Man Just Doesn’t Like Classical Music

John Man, rider of trains and sometimes also buses, told reporters that he just doesn’t like classical music.

“I just don’t like classical music,” he told reporters. “I have friends who like it, and that’s great for them, I guess. But I don’t like it.”

Classical musicians responded quickly, with many pointing out that something was obviously wrong with Man. “What he needs is a better education,” said Classical Joe. “If only the government did more to educate people about classical music, Man would quickly find that he does like it, but naturally, with his education.”

Man shrugged off this suggestion. “No, I just don’t like it,” he said. “Actually, it is sort of offensive to tell me that I’m uneducated. How good can your music be if you have to teach people that it is good?”

A young and dynamic marketing consultant was on hand to explain that there wasn’t something wrong with Man, there was something wrong with every single person in the music industry. “We simply aren’t marketing to Man effectively, and that’s the fault of all musicians and the marketers and everyone else,” she said. “If only we could get Man to come to concerts, then we would know we are doing the right thing.”

“Hmmm… No, I don’t think so,” said Man, bemused. “I just really don’t like it. Why don’t you market it to people who have some sort of interest in it? They might want to go. I don’t.”

Thankfully, a popular online commentator was able to offer another point of view, one which has not received enough attention in classical music circles. “I think what Man is really trying to say is that he finds the obscure and elitist etiquette expected of classical audiences quite off-putting. If he was able to use his phone during the concert and clap whenever he wanted and maybe see the orchestras dressed in more casual clothes, then surely he would come to concerts more regularly.”

“No, I really don’t care about any of that crap,” said Man, getting exasperated. “I think I have been quite clear on this- I really just don’t like the music.”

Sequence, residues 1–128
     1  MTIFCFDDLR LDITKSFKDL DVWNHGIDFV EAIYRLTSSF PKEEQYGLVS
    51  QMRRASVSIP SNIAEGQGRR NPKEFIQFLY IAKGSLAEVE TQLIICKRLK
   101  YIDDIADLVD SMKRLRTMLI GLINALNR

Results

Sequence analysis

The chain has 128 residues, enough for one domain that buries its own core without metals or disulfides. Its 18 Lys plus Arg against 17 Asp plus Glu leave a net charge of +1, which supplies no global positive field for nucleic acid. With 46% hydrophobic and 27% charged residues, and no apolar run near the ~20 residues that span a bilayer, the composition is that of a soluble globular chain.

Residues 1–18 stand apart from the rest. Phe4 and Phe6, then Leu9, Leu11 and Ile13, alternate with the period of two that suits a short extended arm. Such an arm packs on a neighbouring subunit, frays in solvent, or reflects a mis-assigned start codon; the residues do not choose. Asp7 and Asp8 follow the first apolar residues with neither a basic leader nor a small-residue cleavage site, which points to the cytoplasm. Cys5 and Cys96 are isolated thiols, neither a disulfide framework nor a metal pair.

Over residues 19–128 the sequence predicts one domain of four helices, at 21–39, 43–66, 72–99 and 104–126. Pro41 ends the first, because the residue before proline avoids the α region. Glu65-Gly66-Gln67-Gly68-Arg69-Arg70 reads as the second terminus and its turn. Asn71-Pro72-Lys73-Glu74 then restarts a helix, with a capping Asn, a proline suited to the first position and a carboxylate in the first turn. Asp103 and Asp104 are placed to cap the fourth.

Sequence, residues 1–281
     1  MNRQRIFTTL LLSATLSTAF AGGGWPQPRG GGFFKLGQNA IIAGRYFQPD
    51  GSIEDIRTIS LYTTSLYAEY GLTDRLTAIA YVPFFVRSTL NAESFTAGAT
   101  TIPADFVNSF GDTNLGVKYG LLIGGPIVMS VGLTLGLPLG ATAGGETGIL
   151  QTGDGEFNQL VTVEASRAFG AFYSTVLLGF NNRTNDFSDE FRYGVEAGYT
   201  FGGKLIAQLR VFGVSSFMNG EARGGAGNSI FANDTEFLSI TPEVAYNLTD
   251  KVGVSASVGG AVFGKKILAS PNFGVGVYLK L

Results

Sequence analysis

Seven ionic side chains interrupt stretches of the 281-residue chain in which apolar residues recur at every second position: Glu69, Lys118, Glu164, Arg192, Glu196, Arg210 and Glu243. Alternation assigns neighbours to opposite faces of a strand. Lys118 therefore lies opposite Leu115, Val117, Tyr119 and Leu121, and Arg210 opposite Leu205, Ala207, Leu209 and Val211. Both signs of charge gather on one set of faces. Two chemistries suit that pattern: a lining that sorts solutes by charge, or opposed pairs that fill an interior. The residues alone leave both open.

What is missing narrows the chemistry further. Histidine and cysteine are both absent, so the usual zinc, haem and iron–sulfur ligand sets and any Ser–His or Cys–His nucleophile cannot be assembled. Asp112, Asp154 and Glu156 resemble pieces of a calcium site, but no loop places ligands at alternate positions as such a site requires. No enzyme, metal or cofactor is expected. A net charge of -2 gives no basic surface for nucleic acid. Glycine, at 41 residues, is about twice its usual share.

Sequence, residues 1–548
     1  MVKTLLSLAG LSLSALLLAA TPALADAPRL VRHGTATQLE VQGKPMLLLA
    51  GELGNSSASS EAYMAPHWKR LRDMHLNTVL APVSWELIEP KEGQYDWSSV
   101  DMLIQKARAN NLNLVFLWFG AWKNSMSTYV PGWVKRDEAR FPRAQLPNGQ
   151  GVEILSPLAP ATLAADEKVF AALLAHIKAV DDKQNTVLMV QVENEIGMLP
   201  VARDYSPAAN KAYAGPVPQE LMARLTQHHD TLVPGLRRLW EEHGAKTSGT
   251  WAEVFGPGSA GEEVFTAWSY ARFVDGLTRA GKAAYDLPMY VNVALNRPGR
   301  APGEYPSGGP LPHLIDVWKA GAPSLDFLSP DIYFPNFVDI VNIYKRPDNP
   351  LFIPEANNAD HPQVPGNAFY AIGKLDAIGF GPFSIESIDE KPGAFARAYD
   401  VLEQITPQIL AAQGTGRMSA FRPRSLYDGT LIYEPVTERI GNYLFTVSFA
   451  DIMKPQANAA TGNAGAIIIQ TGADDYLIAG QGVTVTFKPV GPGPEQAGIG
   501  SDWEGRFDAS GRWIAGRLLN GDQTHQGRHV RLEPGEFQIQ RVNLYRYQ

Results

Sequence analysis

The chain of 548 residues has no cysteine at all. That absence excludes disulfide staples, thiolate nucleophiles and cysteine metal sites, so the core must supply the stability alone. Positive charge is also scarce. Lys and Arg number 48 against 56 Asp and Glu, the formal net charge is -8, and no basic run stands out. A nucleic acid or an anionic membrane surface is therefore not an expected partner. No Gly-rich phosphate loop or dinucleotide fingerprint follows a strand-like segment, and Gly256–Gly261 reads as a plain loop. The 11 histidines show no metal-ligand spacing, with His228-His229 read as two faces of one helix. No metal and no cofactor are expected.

For some reason, a young child decided to ask Man why he didn’t enjoy the music, as if that mattered or was even possible. “Thanks for asking, Little Jim. It just sort of goes on a bit, doesn’t it? It’s like the musicians just spend a lot of time faffing around trying to get to the end.”

We asked Ripping Babushkin, famous musicologist and bomb-maker, for a response. “Well, I probably would have said that classical music develops the latent thematic potentialities of melodic material amidst a distinctive yet organically related harmonic language, resulting in a rhetorically captivating sense of musical narrative borne of the interplay between a preternatural sense of tension and release leading inexorably, via a sustained musical argument, to a capitulatory flourish that affirms the cogent numinousness of what are essentially abstract processes,” he said. “But I think ‘faffing around trying to get to the end’ would also be quite apt.”

Man was non-plussed by this and hoped that he could get back to whatever it was he wanted to do. “You know, I also don’t like spinach,” he said. “But no one gives me grief about that. Except my mum. She is always going on about the spinach. It’s like, Mum, give it a rest with the spinach. I just don’t like it.”

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4 Responses

  1. megamezzo says:

    So Spinach won over Brussel(s) Sprouts – and I’m with Man on that one!

  2. g says:

    Who cares if he like classical music and why on earth would the government waste their time forcing out dated music on the public. I have a degree in music and am very educated on classical music and I can say that generally it’s not my favorite music to listen to. Different strokes for different folks.

    “How good can your music be if you have to teach people that it is good?” haha that’s a great point!

  3. justanopinion says:

    g, you are probably someone who failed big time in the classical industry. Sorry for you.

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